I pray this never happens to any one of you becuase once your in in it is so hard to get out and I am not even sure why anymore.....I never imagined this would be my life and I am sorry to be a drain on society...I hope some day I will be able to walk with my head held high again.
MrsPotato / February 22, 2012 at 10:48 am
user-pic
@T: Thank you for your insight.

Seriously.
Thank you.
Erin / April 19, 2012 at 05:58 pm
user-pic
I find it hard to sympathize with those who chose to be homeless or chose to start using drugs that eventually made them homeless. I do not sympathize with people who have no plans on ever paying rent and who bounce from one shelter to the next or one park bench to the next in better weather, beg for money and make more than people who actually work, don't pay taxes, get social assistance to help them buy drugs and mooch food from soup kitchens. Some homeless people may be mentally ill and others may be fleeing from abuse, but the others are there because they made the wrong choices. Handouts do not help people better themselves. A kick in the pants and hard work, which they can be proud of, are warranted for some. And I am writing from experience.
Public enemy / May 2, 2012 at 12:41 pm
user-pic
Is everyone comfortable complaining while it's raining or snowing,I have experienced frost bite while others are siping a hot beverage watching channel zero on the ediot box.Lets give our elected officials a suggestion box and protest about making that public.Why not befriend a few homeless people some even with children.You that are well off all it takes is one accident that can change your life.If the homeless have it so good why don't we all go live on the street and see who is more creative to find toliet paper and sanitary napkins & explain to your children how to survive on the kindness of others like all of you that found fault with what exist and is built already,and what is really necessary.If we learn by our mistakes let's build the next one cost effective with better policies.A homeless person spent a night at my place because the shelters had no availability waiting for an opening.If your not part of the solution your part of the problem,open your house or your wallets or put your skills in effect to help our neighbors or elected officials so we can be a better country because we can.If you can forget about the change in your pocket buy the misfortunate a meal so that you don't have to say i hope there not suppoting there drug habbit with who's money? me me me me my money. I'm sure we can invent better things in our spare time to create a better system. Lets give better support,build more cost effective projects for the homeless,give less lip service,not hide behind the comfort of our homes being able to wash our behinds anytime we want.Let's take notes of what not to do and do it better the next time.Just because it was not done the way we wanted it done you are not him i am not you what's done is done.Could we get a refund of our tax dollars?The train is already in motion we can build a track that can change it's course,or we can complain again,then protest,..what! no peaceful protest.Just sit there and point a finger.Talk is cheap but change is work ooooh sorry wrong room.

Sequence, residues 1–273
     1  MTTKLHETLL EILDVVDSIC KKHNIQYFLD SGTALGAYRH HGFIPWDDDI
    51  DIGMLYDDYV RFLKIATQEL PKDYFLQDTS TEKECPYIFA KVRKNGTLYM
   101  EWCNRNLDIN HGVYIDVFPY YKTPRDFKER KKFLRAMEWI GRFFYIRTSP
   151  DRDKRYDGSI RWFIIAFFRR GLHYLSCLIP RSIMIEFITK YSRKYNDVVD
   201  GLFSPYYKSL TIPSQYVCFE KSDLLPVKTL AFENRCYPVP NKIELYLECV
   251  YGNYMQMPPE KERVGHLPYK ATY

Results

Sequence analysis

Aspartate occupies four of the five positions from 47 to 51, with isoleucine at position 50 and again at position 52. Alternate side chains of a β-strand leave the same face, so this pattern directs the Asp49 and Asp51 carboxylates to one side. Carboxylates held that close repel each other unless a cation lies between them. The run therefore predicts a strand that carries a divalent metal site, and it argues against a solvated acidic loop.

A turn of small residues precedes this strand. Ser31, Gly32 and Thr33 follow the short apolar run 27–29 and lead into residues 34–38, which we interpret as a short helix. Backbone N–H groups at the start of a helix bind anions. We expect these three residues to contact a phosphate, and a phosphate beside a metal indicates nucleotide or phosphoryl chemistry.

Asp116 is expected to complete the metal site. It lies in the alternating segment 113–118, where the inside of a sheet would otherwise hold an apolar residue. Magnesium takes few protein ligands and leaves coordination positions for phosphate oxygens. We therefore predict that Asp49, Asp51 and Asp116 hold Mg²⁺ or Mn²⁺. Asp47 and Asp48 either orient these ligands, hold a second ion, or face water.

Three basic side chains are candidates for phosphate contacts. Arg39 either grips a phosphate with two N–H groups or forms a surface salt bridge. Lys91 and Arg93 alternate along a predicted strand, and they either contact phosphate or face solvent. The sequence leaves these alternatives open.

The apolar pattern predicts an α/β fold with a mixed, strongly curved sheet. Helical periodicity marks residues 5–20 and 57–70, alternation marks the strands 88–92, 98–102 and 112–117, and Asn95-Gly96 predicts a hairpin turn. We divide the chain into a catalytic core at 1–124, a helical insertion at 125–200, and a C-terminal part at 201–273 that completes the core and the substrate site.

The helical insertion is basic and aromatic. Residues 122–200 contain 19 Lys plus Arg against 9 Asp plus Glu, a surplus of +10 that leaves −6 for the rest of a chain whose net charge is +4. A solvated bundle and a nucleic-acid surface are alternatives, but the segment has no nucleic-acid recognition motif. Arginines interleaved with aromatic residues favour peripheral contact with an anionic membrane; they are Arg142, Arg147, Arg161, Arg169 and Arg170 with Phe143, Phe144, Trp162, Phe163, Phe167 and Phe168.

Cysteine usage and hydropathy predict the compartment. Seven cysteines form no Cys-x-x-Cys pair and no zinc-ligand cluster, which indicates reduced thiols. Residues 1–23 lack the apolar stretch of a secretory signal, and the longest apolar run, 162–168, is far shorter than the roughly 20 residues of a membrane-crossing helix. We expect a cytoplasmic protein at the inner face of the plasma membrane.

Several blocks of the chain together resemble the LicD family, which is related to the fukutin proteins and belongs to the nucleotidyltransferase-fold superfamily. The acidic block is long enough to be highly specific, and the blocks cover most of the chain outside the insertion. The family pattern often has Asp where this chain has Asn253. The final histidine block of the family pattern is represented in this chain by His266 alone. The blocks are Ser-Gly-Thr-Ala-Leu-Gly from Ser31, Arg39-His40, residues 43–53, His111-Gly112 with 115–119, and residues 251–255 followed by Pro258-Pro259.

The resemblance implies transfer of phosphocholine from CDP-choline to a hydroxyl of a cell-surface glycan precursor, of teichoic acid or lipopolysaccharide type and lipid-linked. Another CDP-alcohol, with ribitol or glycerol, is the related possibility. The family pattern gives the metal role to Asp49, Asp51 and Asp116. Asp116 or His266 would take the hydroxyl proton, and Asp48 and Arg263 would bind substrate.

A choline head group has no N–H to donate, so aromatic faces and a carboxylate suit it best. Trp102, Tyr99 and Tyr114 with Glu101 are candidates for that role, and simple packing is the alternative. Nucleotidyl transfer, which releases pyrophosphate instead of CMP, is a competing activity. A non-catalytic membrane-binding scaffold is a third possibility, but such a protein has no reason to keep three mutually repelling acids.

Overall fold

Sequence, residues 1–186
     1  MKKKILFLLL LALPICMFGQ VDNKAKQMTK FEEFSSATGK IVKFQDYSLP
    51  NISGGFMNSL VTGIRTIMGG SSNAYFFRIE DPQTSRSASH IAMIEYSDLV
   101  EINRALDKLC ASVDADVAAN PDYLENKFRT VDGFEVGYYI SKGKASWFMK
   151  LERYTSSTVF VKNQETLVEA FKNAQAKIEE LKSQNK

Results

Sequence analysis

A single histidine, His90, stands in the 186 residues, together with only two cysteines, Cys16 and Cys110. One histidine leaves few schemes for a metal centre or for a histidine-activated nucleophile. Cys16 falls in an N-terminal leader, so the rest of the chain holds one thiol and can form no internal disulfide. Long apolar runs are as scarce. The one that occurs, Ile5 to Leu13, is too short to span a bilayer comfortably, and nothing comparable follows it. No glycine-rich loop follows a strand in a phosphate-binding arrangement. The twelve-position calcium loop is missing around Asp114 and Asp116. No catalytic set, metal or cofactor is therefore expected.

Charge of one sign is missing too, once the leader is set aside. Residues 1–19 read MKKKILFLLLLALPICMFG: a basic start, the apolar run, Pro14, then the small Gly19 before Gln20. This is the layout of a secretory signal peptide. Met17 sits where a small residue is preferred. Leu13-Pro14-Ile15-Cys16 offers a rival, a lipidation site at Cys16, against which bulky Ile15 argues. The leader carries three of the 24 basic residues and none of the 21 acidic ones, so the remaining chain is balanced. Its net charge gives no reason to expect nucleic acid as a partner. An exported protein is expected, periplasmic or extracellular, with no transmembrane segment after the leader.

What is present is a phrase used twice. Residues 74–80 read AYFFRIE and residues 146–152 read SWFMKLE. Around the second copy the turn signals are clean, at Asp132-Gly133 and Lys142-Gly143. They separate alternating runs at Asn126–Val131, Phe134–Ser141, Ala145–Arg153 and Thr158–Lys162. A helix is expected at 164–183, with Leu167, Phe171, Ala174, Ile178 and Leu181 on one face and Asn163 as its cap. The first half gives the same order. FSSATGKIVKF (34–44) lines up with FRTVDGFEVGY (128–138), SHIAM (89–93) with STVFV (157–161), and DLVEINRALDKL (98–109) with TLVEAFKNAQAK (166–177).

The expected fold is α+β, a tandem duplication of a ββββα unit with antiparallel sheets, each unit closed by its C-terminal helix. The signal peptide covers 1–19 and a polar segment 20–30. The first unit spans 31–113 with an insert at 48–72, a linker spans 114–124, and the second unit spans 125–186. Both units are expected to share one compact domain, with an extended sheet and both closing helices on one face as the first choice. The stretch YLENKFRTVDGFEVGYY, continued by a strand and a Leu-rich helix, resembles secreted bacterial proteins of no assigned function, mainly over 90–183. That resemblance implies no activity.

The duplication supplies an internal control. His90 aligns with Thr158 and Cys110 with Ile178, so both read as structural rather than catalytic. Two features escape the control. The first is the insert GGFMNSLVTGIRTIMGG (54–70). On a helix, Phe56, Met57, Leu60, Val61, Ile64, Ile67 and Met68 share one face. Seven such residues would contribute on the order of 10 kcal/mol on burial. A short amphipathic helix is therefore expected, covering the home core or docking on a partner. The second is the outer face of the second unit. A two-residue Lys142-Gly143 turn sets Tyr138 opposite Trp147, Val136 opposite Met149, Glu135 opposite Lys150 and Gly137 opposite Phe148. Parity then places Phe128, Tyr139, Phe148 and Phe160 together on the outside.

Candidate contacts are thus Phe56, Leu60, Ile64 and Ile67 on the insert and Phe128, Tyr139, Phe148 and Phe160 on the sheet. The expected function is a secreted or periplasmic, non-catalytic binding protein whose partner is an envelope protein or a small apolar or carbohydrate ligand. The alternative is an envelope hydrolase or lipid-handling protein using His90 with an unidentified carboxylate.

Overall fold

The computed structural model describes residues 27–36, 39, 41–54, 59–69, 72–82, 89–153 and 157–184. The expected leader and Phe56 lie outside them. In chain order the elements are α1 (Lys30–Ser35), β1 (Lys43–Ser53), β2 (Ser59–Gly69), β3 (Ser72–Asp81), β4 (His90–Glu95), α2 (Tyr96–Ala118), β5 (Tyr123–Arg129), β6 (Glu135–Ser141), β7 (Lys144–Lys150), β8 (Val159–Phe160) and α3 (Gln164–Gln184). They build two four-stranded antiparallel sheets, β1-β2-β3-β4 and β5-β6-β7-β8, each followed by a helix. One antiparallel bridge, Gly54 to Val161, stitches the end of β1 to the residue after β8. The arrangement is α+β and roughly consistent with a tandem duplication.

Una / July 7, 2012 at 02:45 am
user-pic
I was homeless for 8 years. It was getting a room in a transitional housing shelter such as this that saved my life. Once I had housing and was safe from the perils of street life I became clean and sober, quit smoking, found permanent housing, a job and graduated from college with honors. Without transitional housing this would not have been possible.
People complain about the cost but the reward is giving people their lives ,hope and dignity back. We spent much more on crime, criminals and criminal culture but no one complains about that. Stop bullying the homeless and lets deal with the problem.
Una / July 7, 2012 at 02:55 am
user-pic
Also, the comment that this is luxury is really funny although snide. Just because this building isn't a rundown slum like most shelters doesn't mean its luxurious. Plus living in nice surrounding changes the way people feel about themselves. Thats a psychological fact. I agree with the statment pay now and save money later. Its cheaper to help the homeless than it is to ignore them.
dave / July 7, 2012 at 08:27 pm
user-pic
Interesting.. hmm i think its some kind of nice idea, but i think that to help a homeless person, they must first be willing to realize that they need help. ultimately we r sending them to hell with a full belly and nice bed. what they need is the gospel of Jesus Christ. "for God so loved the world, He sent His one and only Son, that who so ever believes in Him SHALL NOT PERISH, but HAVE ETERNAL LIFE". John 3:16
this is the answer, the word of God.
Natima Lang replying to a comment from Erin / July 14, 2012 at 12:43 pm
user-pic
Typical neocon bullshit from a typically entitled, smug, self-satisfied neocon Canadian. 'Fuck you, I got mine, you'll just have to wait a while to get yours' 'pull yourself up by your bootstraps', etc. Forgetting that most of the people who say that were middle or upper middle-class who have always had help from somebody higher-up to make it in business ( like Rob Ford) or anybody else middle or upper-class.

The truth? Not everybody gets to be as successful in life; sometimes, people stumble (especially in this society and this country); most of the time, all it takes is one spate of illness, or a lost job, and suddenly, you're homeless or on welfare for a long time. That's what's happened to these people, and that is why they need help and understanding. Not nasty putdowns and platitudes about 'pulling oneself up by one's bootstraps' or any of the other nonsense spewed by you and everybody else.